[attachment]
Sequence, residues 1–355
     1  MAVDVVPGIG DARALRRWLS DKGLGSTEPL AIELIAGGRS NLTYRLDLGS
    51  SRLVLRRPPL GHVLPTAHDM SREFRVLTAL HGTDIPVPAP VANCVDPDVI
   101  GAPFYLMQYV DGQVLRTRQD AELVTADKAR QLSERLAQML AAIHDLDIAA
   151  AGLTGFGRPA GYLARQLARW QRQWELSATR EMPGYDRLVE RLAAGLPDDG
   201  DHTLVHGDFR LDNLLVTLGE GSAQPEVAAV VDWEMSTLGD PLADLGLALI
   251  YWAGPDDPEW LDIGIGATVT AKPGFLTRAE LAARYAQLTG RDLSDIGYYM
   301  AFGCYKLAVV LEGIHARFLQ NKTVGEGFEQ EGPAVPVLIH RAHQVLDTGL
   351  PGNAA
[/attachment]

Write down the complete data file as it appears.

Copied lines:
Sequence, residues 1–355
     1  MAVDVVPGIG DARALRRWLS DKGLGSTEPL AIELIAGGRS NLTYRLDLGS
    51  SRLVLRRPPL GHVLPTAHDM SREFRVLTAL HGTDIPVPAP VANCVDPDVI
   101  GAPFYLMQYV DGQVLRTRQD AELVTADKAR QLSERLAQML AAIHDLDIAA
   151  AGLTGFGRPA GYLARQLARW QRQWELSATR EMPGYDRLVE RLAAGLPDDG
   201  DHTLVHGDFR LDNLLVTLGE GSAQPEVAAV VDWEMSTLGD PLADLGLALI
   251  YWAGPDDPEW LDIGIGATVT AKPGFLTRAE LAARYAQLTG RDLSDIGYYM
   301  AFGCYKLAVV LEGIHARFLQ NKTVGEGFEQ EGPAVPVLIH RAHQVLDTGL
   351  PGNAA